Thursday, March 31, 2011

This Week in Luxembourg

This week, the Grand Chamber brings us yet another BUD/Budweiser judgement. Just like the AG, they side with the Americans this time, concluding that the General Court erred in the manner in which it looked at the extent of prior use. (Cf. par. 169 for a summary.) Anheuser-Busch v. Budejovicky Budvar. Some other Bud: this opinion from 2009, this CFI judgement from 2009, this ECJ judgement from last July, and this opinion from last month.

The Grand Chamber also dismissed two appeals in steel cartel cases. I’m not entirely sure why this came before the Grand Chamber, though I suspect it may have something to do with the difficulty of imposing a fine in 2006 that was based at least in part on a Treaty that hasn’t been in force since 2002. (Then again, that issue was only brought up in one of the cases.) ArcelorMittal v. Commission and ThyssenKrupp v. Commission

Greece was ordered to pay a lump sum fine of € 3 million for failure to comply with the Court’s ruling in case C-26/07. Given that Greece finally complied with the judgement on 18 December 2009, there was no need for a penalty payment. Commission v. Greece. By the way, here’s a fun question: What if there’s a dispute about the Commission’s decision to claim such a penalty payment? Or about whether any payment is forfeit at all? Where do you take such a dispute? As it turns out, the General Court has jurisdiction to hear such a case. In Portugal v. Commission, it sided with the MS against the Commission.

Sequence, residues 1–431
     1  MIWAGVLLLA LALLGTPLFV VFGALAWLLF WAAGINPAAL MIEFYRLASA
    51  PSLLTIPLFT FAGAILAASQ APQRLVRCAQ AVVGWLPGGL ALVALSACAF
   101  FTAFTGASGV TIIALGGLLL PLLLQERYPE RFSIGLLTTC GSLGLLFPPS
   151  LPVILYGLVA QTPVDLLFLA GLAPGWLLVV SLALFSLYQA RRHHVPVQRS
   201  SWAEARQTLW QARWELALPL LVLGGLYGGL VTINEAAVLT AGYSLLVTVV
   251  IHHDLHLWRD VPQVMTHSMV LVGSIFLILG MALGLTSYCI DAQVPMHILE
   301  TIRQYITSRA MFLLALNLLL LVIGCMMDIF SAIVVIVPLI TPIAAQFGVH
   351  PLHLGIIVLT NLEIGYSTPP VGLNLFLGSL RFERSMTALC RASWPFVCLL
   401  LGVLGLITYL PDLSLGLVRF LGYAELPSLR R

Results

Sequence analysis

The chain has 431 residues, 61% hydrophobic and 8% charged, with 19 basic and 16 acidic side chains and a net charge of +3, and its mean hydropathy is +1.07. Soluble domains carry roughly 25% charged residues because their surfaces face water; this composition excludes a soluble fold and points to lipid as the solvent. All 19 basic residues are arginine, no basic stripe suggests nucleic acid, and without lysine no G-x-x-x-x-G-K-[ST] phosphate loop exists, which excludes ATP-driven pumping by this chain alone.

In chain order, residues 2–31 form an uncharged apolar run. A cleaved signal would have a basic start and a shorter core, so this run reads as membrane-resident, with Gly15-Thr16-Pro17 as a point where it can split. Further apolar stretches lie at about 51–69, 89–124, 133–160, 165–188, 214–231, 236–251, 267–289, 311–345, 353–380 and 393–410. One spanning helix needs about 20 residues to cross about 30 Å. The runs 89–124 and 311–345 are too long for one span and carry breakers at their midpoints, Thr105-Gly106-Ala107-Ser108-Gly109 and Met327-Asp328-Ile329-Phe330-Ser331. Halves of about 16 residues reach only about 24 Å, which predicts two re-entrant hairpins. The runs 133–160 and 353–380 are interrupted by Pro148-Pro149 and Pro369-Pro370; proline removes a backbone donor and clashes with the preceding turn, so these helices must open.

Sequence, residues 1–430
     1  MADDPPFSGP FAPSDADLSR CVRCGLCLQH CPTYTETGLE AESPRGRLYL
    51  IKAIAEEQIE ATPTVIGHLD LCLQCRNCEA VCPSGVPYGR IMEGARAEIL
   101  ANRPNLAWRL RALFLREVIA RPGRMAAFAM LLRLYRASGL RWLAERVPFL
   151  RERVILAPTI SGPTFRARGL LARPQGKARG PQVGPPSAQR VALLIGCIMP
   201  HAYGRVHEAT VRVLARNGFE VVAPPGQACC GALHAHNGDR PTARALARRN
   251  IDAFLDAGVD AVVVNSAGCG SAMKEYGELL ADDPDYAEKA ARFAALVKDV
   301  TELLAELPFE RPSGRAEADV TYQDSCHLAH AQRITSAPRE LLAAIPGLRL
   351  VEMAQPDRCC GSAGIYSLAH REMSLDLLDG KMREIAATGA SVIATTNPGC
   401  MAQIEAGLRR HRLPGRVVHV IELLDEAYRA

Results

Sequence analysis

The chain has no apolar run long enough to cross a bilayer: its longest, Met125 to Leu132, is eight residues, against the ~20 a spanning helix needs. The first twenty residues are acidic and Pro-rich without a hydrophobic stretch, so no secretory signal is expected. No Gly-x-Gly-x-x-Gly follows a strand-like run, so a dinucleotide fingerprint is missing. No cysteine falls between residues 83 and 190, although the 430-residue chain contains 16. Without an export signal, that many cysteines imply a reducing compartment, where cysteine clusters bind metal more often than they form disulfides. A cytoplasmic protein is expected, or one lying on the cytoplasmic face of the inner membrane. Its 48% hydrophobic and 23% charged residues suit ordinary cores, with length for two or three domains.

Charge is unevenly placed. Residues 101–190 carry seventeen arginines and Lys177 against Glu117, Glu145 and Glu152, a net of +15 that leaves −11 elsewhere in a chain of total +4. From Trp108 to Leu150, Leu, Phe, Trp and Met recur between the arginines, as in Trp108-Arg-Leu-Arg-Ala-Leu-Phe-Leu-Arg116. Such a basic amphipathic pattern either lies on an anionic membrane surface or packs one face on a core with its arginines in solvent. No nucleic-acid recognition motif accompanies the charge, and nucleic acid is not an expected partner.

For the second time in as many months, the General Court annulled a vacancy notice because it wasn’t published in Italian. In this case, the culprit is the Economic and Social Committee. Italy v. EESC

AG Jääskinen argues that Community trademark law does not allow a MS to take into account the hour and minute of registration in addition to the date of registration when deciding who has the prior claim. GENESIS (NL, DE, FR)

AG Cruz Vilalón has an opinion about online torts under Regulation 44/2001. As so often, the result is a multiplicity of possible fora. Also, the AG argues, art. 3 of the e-commerce Directive 2000/31does not apply to clash of laws issues. In other words, if you have been wronged on the internet, you can sue just about anywhere, and it’s anybody’s guess which country’s laws will be applied to your case. Joined Cases C-509/09 and C161/10, eDate v. X and Martinez v. Société MGN Limited (DE, FR)

AG Mengozzi has two opinions on supplementary protection certificates for medicinal products. I beg the reader’s forgiveness if I leave the analysis of his argument as an exercise for the reader. Synthon v. Merz Pharma and Generics (UK) v. Synaptech

AG Bot explained that under Directive 91/439 a Member State is allowed to refuse to recognize a driving license issued to someone who was not resident in the issuing state at the time when the license was issued. (In this case, Ms. Grasser lived in Germany and got her license in the Czech Republic.) Grasser v. Freistaat Bayern

AG Bot also went over a whole list of characteristics of the Austrian regulatory scheme for gambling, finding some of them defective but not others. Dickinger and Ömer (DE, FR)

Also in gambling: last week, the Dutch Council of State ruled in Betfair v. Minister of Justice (NL). The question was whether Betfair should have been given a license, and whether it needed a license in the first place. Given the ECJ’s answer to the prejudicial questions asked in this case, it was clear that Betfair did need a license. Applying the ECJ’s equal treatment and transparency guidance, the Council now concluded that Betfair should have been given the opportunity to compete for the (or a) license.

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